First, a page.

Conditioned Response

By Renée Grinnell

In classical conditioning, the response exhibited by a subject after he or she has been trained to associate a neutral (conditioned) stimulus with an unconditioned stimulus.

Example: In Pavlov’s classic dog experiments, the animals learned to associate the sound of a bell (the conditioned stimulus) with the presentation of food (the unconditioned stimulus). Eventually, the tone of the bell alone would elicit salivation (the conditioned response) from the dogs.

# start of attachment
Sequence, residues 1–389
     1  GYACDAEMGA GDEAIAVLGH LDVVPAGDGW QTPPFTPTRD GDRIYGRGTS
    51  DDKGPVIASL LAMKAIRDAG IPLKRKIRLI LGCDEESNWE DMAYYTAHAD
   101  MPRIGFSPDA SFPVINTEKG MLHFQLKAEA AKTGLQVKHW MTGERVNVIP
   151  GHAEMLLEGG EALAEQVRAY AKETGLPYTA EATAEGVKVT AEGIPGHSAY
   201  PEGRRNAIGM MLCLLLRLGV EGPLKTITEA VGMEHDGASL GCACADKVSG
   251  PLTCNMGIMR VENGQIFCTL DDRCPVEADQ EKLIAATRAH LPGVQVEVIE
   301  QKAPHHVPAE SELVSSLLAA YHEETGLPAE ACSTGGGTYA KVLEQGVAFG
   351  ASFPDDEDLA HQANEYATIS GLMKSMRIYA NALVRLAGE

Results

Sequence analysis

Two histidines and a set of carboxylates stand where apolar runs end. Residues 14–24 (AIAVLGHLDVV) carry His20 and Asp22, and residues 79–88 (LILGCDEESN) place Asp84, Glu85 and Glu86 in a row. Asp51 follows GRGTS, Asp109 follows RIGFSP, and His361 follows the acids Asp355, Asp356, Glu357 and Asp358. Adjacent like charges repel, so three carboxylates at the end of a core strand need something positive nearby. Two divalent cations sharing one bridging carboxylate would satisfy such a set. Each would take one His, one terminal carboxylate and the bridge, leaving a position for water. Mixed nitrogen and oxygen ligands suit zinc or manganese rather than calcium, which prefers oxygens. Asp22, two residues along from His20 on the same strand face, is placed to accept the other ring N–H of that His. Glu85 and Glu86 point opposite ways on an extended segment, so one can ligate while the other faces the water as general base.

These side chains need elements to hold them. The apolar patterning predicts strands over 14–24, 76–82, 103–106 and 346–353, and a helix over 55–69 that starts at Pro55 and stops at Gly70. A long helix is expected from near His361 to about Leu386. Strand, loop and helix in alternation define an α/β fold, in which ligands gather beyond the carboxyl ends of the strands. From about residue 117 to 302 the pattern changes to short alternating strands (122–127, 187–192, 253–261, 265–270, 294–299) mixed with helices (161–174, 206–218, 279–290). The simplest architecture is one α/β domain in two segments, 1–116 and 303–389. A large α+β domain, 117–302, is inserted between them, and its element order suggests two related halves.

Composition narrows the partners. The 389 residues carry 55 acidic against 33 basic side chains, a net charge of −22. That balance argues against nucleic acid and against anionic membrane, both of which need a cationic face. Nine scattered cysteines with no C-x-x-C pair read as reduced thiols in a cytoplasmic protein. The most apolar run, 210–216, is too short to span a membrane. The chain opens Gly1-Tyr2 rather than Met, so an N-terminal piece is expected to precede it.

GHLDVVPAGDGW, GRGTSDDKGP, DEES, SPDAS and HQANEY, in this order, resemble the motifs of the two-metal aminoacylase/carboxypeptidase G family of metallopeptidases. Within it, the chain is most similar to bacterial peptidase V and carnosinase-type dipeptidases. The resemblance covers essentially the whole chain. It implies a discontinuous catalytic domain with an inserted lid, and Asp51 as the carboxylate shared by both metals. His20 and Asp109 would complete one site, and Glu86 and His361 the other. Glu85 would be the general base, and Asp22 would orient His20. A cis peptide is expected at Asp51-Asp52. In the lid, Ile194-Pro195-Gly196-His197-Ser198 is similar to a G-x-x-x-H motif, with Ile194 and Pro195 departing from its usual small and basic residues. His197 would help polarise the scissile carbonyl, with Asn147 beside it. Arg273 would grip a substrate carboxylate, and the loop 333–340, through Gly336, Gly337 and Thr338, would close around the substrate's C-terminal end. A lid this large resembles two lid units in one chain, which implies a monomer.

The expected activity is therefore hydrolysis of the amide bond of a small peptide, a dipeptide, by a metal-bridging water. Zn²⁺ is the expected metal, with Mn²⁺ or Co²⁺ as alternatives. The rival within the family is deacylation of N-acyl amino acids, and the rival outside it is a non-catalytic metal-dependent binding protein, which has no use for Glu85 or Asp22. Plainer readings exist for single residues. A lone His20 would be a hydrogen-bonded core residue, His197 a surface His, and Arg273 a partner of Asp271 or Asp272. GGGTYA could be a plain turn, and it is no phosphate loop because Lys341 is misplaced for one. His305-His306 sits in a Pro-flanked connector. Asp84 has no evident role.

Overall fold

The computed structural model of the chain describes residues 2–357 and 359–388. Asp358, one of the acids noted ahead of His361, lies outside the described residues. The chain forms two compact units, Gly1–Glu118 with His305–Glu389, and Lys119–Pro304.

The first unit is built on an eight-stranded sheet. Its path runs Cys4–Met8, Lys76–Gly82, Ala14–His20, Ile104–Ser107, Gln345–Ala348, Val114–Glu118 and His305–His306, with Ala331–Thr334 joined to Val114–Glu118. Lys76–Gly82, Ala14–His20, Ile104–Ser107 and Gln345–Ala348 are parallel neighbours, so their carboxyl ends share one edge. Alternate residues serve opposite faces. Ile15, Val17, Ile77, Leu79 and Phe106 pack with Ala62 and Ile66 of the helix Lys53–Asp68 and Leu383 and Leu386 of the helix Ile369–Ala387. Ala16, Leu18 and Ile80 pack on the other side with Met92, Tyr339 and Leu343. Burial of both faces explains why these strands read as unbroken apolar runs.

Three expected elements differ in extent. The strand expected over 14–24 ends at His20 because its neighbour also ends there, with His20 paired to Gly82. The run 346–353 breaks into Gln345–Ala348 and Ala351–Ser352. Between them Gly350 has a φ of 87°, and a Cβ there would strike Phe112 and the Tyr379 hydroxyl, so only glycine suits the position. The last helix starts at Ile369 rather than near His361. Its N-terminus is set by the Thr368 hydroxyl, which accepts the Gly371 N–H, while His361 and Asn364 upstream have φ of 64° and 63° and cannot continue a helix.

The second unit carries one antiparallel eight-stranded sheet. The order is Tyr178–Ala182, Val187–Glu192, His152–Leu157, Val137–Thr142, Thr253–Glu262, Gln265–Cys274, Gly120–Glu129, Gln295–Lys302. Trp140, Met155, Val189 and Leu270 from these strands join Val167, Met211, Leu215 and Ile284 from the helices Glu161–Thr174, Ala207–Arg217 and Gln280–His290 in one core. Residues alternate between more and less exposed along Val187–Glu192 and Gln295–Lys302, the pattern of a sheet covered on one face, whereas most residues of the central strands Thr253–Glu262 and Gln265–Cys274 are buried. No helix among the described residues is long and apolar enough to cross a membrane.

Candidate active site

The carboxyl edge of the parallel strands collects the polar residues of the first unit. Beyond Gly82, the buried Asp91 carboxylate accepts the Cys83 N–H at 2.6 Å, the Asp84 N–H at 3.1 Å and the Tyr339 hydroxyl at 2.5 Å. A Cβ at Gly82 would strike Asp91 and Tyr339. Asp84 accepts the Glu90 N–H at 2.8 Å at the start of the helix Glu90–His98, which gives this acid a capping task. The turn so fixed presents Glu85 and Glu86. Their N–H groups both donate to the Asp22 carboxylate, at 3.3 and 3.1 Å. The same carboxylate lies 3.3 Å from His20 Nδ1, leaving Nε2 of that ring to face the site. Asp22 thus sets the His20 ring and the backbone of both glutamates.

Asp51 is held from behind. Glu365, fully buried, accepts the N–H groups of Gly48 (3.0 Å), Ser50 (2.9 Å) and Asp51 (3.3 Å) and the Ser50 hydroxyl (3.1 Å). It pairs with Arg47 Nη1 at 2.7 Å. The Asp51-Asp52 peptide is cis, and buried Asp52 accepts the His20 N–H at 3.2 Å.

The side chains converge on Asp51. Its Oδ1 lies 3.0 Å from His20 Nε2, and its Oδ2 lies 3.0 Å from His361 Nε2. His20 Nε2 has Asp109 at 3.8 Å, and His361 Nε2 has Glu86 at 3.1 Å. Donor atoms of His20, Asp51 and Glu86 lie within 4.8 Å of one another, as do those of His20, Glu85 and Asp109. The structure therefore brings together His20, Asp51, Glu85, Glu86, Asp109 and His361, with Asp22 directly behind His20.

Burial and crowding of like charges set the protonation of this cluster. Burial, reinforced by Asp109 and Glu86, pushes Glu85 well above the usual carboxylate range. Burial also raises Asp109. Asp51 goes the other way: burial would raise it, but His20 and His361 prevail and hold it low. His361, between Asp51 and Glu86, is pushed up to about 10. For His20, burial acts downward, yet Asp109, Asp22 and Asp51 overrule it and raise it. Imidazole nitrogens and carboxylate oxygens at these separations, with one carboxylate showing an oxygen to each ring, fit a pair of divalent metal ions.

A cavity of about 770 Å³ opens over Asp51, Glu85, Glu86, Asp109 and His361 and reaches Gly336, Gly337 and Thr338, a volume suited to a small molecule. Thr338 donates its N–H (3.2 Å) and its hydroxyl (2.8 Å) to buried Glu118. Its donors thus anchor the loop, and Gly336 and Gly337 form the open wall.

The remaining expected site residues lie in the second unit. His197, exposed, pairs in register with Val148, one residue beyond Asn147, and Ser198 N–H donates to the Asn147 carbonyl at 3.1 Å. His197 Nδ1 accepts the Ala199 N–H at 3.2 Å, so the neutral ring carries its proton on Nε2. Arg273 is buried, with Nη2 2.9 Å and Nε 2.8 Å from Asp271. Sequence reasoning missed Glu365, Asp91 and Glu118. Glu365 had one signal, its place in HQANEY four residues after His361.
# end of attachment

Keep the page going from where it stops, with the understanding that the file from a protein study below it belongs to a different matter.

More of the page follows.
Last reviewed: By John M. Grohol, Psy.D. on 29 Nov 2008